Three weeks ago, Real Madrid's Cristiano Ronaldo re-signed what was already the biggest deal in global team sports. Between salary and bonuses, he'll be paid somewhere in the range of $75-million a year.
Ronaldo is 31. The new contract will take him to 36 – an age at which most players who aren't goal keepers have retired. It is very unusual for a man in Ronaldo's position – forward – to maintain anything close to top form at that point.
Ronaldo may be different. Among the many obsessive ways he cares for his body, he's said to do 3,000 sit-ups a day. There may be no better-conditioned athlete in the world.
Nonetheless, a few foreheads wrinkled when Ronaldo laid out the timeline for the remainder of his career.
"It is not my last contract," he said. "I want to keep going until I'm 41."
Real would probably keep signing him until he's 81. At the moment, he is the most electric player in the world. He sells shirts by the pallet. When you have Real's aspiration – to be both the biggest and the best, every year, forever – $75-million for this unique attention magnet is a bargain.
Nonetheless, Ronaldo could sense the hesitation. Few stars are so motivated by a contrary spirit. When you begin to think he's flagging, that's when he starts to sprint again.
A few days later, Real played crosstown rivals Atletico in what would be their last encounter at the Vicente Calderon Stadium. (Atletico is moving in a few months.) It was something of an occasion.
Ronaldo scored all three goals in the game. After the second, he jogged over to the sideline, bent to one knee, put his hand on his chin and looked thoughtfully into a camera for a long time. Every pro likes to talk about "the haters," but none has more of them than Ronaldo. That's who he was looking at.
"Those people will want to watch this game again," Ronaldo's teammate, Marcelo, said of the performance.
On Saturday, Ronaldo & Co. face Barcelona in the season's first Clasico. It's a funny moment in the greatest rivalry in sport.
Best known for chaos – transfers in and out, coaches being fired, fans going berserk at this or that change – Real has been eerily steady of late. The new manager, Zinedine Zidane, is so calm on the sideline, he is his own wax statue. The club's spent months buttressing its core by re-signing key players to long-term contracts. Ronaldo was the final and richest piece. Performance is consistently high. The team hasn't lost a game in the league for nine months. There are no tabloid stories of locker-room insurrection (which have been regular features for years regardless of whether they're winning).
It's all very un-Real.
Perhaps Real has switched personalities – Face/Off style – with Barcelona.
A lockstep march into the brilliant light of the future has been the defining hallmark of Barca squads for more than a decade. It's all become a little patchy in the last little while.
Last weekend, Barcelona finished 1-1 against Real Sociedad.
"It's not often I can say this as a Barca player, but we have to be pleased with the draw," defender Gerard Pique said.
Barcelona now trails Real by six points in La Liga. It is only December, but it's conceivable that a loss on Saturday could put the league out of reach. That would make it seem like an awful long time until May.
When we speak of Barca now, we're really talking about its forward line, which on paper may be the best in history.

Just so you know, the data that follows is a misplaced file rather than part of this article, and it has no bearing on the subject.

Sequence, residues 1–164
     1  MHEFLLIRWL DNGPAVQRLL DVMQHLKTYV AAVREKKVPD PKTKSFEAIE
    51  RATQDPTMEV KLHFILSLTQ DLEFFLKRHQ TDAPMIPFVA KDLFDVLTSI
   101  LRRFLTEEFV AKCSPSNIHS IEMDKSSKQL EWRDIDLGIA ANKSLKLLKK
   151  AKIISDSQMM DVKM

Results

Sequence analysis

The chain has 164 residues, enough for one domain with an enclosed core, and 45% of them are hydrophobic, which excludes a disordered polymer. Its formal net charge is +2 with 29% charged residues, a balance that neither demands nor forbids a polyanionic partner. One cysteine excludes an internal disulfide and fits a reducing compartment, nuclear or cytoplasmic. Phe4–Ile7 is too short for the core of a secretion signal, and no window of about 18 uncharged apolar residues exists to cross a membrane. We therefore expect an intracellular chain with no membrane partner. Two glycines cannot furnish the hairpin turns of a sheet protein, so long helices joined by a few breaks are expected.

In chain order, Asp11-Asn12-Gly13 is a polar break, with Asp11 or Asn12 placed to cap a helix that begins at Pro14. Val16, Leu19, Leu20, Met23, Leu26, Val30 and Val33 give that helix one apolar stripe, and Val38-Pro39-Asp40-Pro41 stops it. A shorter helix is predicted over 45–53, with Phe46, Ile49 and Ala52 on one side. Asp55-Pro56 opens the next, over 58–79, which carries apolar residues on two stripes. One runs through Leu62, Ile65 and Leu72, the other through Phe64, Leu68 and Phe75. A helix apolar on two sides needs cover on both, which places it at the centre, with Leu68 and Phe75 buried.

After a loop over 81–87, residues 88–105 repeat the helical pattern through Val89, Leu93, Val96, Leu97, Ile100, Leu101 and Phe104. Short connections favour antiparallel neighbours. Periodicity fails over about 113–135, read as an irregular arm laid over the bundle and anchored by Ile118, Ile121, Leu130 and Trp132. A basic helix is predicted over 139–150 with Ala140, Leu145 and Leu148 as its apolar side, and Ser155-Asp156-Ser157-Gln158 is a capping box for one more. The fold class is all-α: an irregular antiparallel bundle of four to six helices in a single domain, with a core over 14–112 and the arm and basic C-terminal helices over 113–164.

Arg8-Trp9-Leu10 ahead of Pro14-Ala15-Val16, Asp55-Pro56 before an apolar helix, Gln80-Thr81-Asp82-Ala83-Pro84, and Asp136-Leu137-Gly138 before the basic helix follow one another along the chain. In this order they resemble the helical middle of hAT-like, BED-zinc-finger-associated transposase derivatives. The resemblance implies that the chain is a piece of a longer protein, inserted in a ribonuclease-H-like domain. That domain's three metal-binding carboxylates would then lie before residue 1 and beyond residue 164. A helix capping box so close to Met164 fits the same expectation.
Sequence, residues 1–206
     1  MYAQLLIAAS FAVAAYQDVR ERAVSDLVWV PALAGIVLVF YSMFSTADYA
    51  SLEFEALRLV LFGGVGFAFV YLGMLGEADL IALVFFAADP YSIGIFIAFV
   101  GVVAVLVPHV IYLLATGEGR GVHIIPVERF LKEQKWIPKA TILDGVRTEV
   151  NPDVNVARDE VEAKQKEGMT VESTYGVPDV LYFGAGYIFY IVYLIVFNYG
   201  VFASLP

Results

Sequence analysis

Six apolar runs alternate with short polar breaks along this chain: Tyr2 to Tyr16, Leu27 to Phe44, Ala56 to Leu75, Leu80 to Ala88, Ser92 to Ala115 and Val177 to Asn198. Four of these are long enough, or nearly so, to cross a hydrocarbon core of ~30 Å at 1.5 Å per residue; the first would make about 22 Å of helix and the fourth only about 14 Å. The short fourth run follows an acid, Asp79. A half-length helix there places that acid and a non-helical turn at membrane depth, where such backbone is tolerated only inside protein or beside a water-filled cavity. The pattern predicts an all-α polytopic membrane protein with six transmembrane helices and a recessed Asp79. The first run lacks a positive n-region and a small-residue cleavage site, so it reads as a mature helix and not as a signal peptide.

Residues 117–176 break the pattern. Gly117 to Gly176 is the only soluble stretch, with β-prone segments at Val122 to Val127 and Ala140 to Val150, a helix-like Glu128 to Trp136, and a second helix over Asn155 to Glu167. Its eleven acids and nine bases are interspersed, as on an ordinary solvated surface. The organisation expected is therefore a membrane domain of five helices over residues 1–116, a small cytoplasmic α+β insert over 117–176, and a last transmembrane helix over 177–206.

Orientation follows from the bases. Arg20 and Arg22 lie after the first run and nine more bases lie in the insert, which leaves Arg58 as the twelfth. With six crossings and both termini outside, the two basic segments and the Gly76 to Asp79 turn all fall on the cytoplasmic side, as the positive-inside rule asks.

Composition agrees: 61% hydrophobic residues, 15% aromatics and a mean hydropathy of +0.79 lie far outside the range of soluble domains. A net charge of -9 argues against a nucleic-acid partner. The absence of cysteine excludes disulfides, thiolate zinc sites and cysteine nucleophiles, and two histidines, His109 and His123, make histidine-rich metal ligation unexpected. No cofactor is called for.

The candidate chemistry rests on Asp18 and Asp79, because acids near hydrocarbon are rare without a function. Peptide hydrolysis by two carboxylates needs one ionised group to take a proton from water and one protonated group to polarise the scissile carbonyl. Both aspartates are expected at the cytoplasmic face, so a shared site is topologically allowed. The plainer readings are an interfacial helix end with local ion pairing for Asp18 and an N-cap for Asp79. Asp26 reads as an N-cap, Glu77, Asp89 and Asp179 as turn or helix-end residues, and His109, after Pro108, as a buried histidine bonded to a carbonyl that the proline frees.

Lionel Messi continues his high standard statistically, but there is a spring missing from his step. He looks tired. The new beard and suddenly weird hair make him look like a man allowing himself to go to seed. He always looked younger than his years. He suddenly looks older than 29.
Messi's had a fair bit of trouble recently. Quitting and unquitting his national team. Narrowly avoiding jail on a tax charge. A return of his mystery illnesses. Falling decisively behind Ronaldo in their subjective best-ever competition. All that grind is starting to show.
A Spanish prosecutor has asked that Messi's striking partner, Neymar, be put in prison for two years for tax evasion (a lot of that going around, apparently). The only guy who looks truly happy in his work is reformed cannibal Luis Suarez.
Led by those three, Barcelona is scoring, but the team is not dominating. Maybe this has something to do with Pique's dark comments about the squad lacking "the right attitude."
It's mildly alarming because at Barcelona, the correct attitude is meant to be baked into the cake. That's the whole mystique – raised together like wolves, generations leading generations, all for one and so on and so forth.
Could that finally be coming apart under worldly pressures? That is the most alluring allegory we'll be watching Saturday.
Unlike Real, Barcelona is not given to panic moves, but it faces the same enormous duress. Manager Luis Enrique has his laurelled career as a Barcelona player to shield him, but losing on Saturday puts him up on the plank. Who knows yet how long a walk he'd have?
And then there are those persistent rumours of Messi leaving Spain.
The player himself could have decisively shot them down at any time, but he hasn't. Instead, he slips around the idea. It was left to Enrique to unconvincingly scupper the latest ones – Messi to Manchester City.
"I don't know. I have no idea," Enrique said when asked about it.
He doesn't know about the rumour or he doesn't know if Messi might leave? It's a rather crucial point.
This is why these two teams are so big – because they are constantly on a knife's edge. Week after week. And none bigger than this weekend. Ronaldo rules the world right now. Real looks on a historic run of quality. That can all end in 90 minutes.
Mes que un club, they say at Barcelona – which applies to both teams involved here.
As a result, on Saturday, it's also mes que un match.